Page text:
Big Bend Ranch

Complex Map

brochure Big Bend Ranch - Complex Map

Complex Map of Big Bend Ranch State Park (SP) in Texas. Published by Texas Parks & Wildlife.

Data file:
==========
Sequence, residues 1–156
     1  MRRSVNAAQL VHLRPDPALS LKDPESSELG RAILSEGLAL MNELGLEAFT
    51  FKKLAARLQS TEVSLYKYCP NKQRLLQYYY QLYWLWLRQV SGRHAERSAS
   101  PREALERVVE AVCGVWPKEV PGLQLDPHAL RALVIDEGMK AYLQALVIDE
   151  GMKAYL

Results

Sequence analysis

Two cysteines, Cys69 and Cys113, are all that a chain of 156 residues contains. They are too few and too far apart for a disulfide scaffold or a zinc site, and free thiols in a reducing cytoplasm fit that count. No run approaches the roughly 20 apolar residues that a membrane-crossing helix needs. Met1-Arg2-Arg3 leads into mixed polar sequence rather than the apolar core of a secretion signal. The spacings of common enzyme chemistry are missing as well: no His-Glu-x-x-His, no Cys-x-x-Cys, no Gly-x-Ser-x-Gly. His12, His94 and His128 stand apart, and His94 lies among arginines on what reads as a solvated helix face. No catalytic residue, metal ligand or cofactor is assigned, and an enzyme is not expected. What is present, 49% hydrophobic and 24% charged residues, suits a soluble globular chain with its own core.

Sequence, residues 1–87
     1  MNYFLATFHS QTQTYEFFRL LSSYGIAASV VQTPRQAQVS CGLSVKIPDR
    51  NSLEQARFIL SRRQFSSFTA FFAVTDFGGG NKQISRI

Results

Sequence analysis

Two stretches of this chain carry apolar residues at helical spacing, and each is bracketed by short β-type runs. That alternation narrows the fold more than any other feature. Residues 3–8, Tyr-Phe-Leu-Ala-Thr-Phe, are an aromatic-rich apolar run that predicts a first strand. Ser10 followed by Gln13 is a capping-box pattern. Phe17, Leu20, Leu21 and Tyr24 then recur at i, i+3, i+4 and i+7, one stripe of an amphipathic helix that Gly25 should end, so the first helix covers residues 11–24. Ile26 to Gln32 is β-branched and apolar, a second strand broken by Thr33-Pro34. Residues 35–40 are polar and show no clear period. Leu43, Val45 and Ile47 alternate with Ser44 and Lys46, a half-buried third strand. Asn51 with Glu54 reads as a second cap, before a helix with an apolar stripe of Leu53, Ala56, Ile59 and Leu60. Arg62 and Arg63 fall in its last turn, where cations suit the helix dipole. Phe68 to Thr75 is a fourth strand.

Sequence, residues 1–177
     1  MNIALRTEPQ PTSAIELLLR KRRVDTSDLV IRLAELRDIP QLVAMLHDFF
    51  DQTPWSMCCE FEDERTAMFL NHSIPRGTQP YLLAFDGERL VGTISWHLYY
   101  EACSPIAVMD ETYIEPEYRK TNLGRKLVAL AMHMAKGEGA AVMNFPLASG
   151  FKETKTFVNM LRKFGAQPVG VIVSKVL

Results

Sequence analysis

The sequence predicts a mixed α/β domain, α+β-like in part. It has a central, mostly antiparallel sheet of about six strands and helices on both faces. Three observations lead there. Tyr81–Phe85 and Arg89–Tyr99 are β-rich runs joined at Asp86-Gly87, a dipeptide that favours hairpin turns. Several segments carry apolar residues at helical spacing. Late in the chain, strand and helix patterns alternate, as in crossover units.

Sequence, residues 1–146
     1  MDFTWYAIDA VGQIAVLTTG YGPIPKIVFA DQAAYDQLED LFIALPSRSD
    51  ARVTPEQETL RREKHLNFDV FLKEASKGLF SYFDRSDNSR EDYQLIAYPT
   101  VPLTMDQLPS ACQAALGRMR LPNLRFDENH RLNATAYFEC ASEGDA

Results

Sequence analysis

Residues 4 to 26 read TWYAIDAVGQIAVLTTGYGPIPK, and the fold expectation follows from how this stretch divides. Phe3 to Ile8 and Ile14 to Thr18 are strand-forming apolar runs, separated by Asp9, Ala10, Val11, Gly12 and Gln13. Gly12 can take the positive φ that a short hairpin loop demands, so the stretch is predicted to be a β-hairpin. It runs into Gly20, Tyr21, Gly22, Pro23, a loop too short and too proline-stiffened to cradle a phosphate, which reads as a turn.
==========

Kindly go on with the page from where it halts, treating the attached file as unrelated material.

CLOSED CANYON THE HOODOOS FORT LEATON STATE HISTORIC SITE OJITO ADENTRO THE FLATIRONS OF THE SOLITARIO WELCOME TO THE BIG BEND RANCH STATE PARK COMPLEX – EL DESPOBLADO El Despoblado means “the uninhabited place.” It is a name used over centuries to describe the northern Chihuahuan Desert — a name that implies a sense of emptiness. Yet Big Bend Ranch State Park is far from empty. The park offers 500 square miles of unrivaled geology, spectacular vistas and night skies, diverse plant and animal life, and evidence of over 10,000 years of human occupation. GEOLOGY COMPLEX MAP BIG BEND RANCH STATE PARK BIG BEND RANCH STATE PARK VISITOR CENTERS Barton Warnock Visitor Center (Eastern Entrance) 21800 FM 170, Terlingua, TX 79852 (432) 242-3327 Fort Leaton State Historic Site (Western Entrance) 16952 FM 170 E, Presidio, TX 79845 (432) 229-3613 Sauceda Ranger Station (Interior) 1900 S. Sauceda Ranch Road, Marfa, TX 79843 (432) 358-4444 www.tpwd.texas.gov Cover Photo: Chase A. Fountain, TPWD ©2021 Texas Parks and Wildlife Department Interior Photos: Gary Nored PWD MP P4501-0152AA (2/21) In accordance with Texas State Depository Law, this publication is available at the Texas State Publications Clearinghouse and/or Texas Depository Libraries. TPWD receives funds from the USFWS. TPWD prohibits discrimination on the basis of race, color, religion, national origin, disability, age, and gender, pursuant to state and federal law. To request an accommodation or obtain information in an alternative format, please contact TPWD on a Text Telephone (TTY) at (512) 389-8915 or by Relay Texas at 7-1-1 or (800) 735-2989 or by email at accessibility@tpwd.texas.gov. If you believe you have been discriminated against by TPWD, please contact TPWD, 4200 Smith School Road, Austin, TX 78744, or the U.S. Fish and Wildlife Service, Office for Diversity and Workforce Management, 5275 Leesburg Pike, Falls Church, VA 22041. The geology of Big Bend Ranch State Park reminds us of profound changes over the past 600 million years of Earth’s history — changes born of water and fire. A deep ocean, the Ouachita Basin, covered the Big Bend and much of the southeastern United States some 570 million years ago, long before the age of dinosaurs. One may see remnants of the Ouachita Mountains in parts of Arkansas, Oklahoma and West Texas, including The Solitario at Big Bend Ranch State Park. Erosion and uplift worked together to expose the limestone rock of this ancient sea floor in the Contrabando lowlands and the upended “flatirons” that form the rim of the Solitario. The Solitario is a feature born of fire. Between 36 and 35 million years ago, magma from deep within the Earth pushed upward in three pulses to create a blister-like bulge nearly 10 miles across near the park’s eastern boundary. Following erosion and a complex series of eruptions, the uplifted sedimentary rock and the underlying lava chamber collapsed to form the almost circular basin-like feature known today as the Solitario. Volcanism remained at work in the region. As you pass the dark peaks and mesas between Redford and Lajitas or along the Sauceda road, imagine glowing cone-like vents and gaping fissures that once spewed red-hot ash and molten rock. Lava from these eruptions eventually hardened into the rhyolite and basalt rock that form the Bofecillos Mountains, whose many cracks and fissures trap groundwater and account for the region’s numerous springs — life-giving oases in the desert. HUMAN HISTORY Diverse people have lived among the canyons, mountains and valleys of Big Bend Ranch State Park for centuries, typically near water sources. The materials and structures they left behind tell stories of triumph and hardship in this sometimes hospitable but often relentless land. Hundreds of prehistoric camps, cooking areas and rock art sites dot Big Bend Ranch. Grinding stones, bedrock mortars, flint tools and burned rock middens indicate that the hunter-gatherers living here used every natural resource available to survive in the demanding environment. Prehistoric pictographs (rock paintings) and a few petroglyphs (rock etchings or carvings) showcase the amazing diversity of rock art styles preserved in the park. A handful of traders and freighters such as Ben Leaton and Milton Faver were the first Anglo-Americans to settle the area in the mid-1800s. By the 1870s, small family ranches began to spring up, raising much of their own food and herding sheep and goats. Park visitors today can see remains of the Crawford-Smith, McGuirk, Reza and Madrid houses among others. Remnants of a wax factory and several camps remain in Fresno and Contrabando Canyons, where thousands of pounds of wax were extracted from candelilla plants and sold as waterproofing for World War I army tents. Nearby, the Whit-Roy Mine produced flasks of mercury from cinnabar ore into the 1960s. FLORA Vegetation throughout the park exists in a moisturedependent mosaic, sometimes lush but more often sparse. Native plants range from arid-adapted cacti to water-loving cottonwoods. Common species of succulent include varieties of prickly pear and cholla. Ocotillo is a common desert shrub in the region. FAUNA Animals exhibit similar variety, from water-dependent beavers along the river to desert specialists like the black-throated sparrow. The park is home to large mammals, such as black bear, and the Big Bend’s tertiary predator, mountain lions. Mule deer and non-native aoudad are important components of mountain lion diets. The park is also the eastern-most range boundary for the Mojave rattlesnake, occurring alongside black-tail, mottled rock, and western diamond back rattlesnakes. CLIMATE Big Bend Ranch State Park is located in the rugged terrain of the northern Chihuahuan Desert. The park receives less than 10 inches of rain per year, mostly occurring as monsoonal summer storms. During monsoon season, dry creek beds (arroyos) are prone to severe flash flooding. Desert temperatures can fluctuate by 40 degrees on the same day. Pack and dress accordingly. Summer temperatures often exceed 110 degrees. SAFETY Remember where you are. There is very little shade in the desert. Dress accordingly: long sleeves and widebrimmed hats are recommended in addition to sunscreen and sunglasses. Cell phone coverage is unreliable or non-existent in the park. Bring plenty of food and water for long day hikes. All water from spring sources should be treated or filtered before being consumed. Big Bend Ranch State Park protects habitat for large mammal species, including black bears and mountain lions. Follow these tips to enjoy wildlife while preventing human-wildlife conflicts: • Observe wildlife from a safe distance. • Do not feed or attempt to catch wildlife. • Do not run if you encounter a bear or mountain lion in the field. Make noise, take action to make yourself look large, and back slowly away from the animal. • Rattlesnakes are common and can be active year-round in the desert. Be careful where you step and place your hands. Listen for the rattling warning signal. LEAVE NO TRACE ETHICS Please help us maintain a pristine wilderness setting in our park by practicing the: Leave No Trace Seven Principles 1. Plan Ahead and Prepare 2. Travel and Camp on Durable Surfaces 3. Dispose of Waste Properly 4. Leave What You Find 5. Minimize Campfire Impacts 6. Respect Wildlife 7. Be Considerate of Other Visitors © 1999 by the Leave No Trace Center for Outdoor Ethics: www.LNT.org. OUTFITTER INFORMATION Angell Expeditions HC 63, Box 51, Marfa, TX 79843 Email: charles@angellexpeditions.com (432) 384-2307 or (305) 336-2787 Big Bend Boating & Hiking Company, LLC 53570 Fire Station Rd, Terlingua TX 79852 Email: hikingbigbend@gmail.com (469) 607-9869 Big Bend River Tours P.O. Box 317, Terlingua, TX 79852 Email: rapids317@hotmail.com Phone: (800) 545-4240 or (432) 371-3033 (local) Fax: (432) 371-3034 Desert Sports P.O. Box 448, Terlingua, TX 79852 Email: info@desertsportstx.com Phone: (432) 371-2727 Fax: (432) 371-2726 Ebikemarfa, LLC 114 W San Antonio Street, Marfa, TX 79843 Email: ride@ebikemarfa.com (432) 386-3086 Far Flung Outdoor Center Permits are required for use of park facilities, including use of hiking trails, park roads, picnic areas, camping areas, river access, or pull-offs along FM 170 (River Road). P.O. Box 377, 1 Adventure Lane, Farm Road 170, Terlingua, TX 79852 Email: info@ffoc.net Phone: (800) 839-7238 Fax: (432) 371-2993 Special Use Permits are required for backcountry hiking, backpacking, or bikepacking. Lajitas Stables PERMIT REQUIREMENTS REGULATIONS • Quiet hours are from 10 p.m. to 8 a.m. • Dogs are allowed on-leash on two trails in Big Bend Ranch State Park: Hoodoos and Closed Canyon. • UTVs and ATVs are not allowed within the State Park boundary. • Big Bend Ranch State Park is an International Dark Sky Park. Please do not use lighting at campsites that will “trespass” in to neighboring campsites or temporarily contribute to light pollution. P.O. Box 6, Terlingua, TX 79852 Email: lajitasstables@bigbend.net Phone: (800) 887-4331 or (432) 371-3064 Fax: (432) 371-3066 Wild Art Mobile Outdoor Studio P.O. Box 148, Big Bend National Park, TX 79834 Email: Annie@wildartstudio.org (415) 569-0651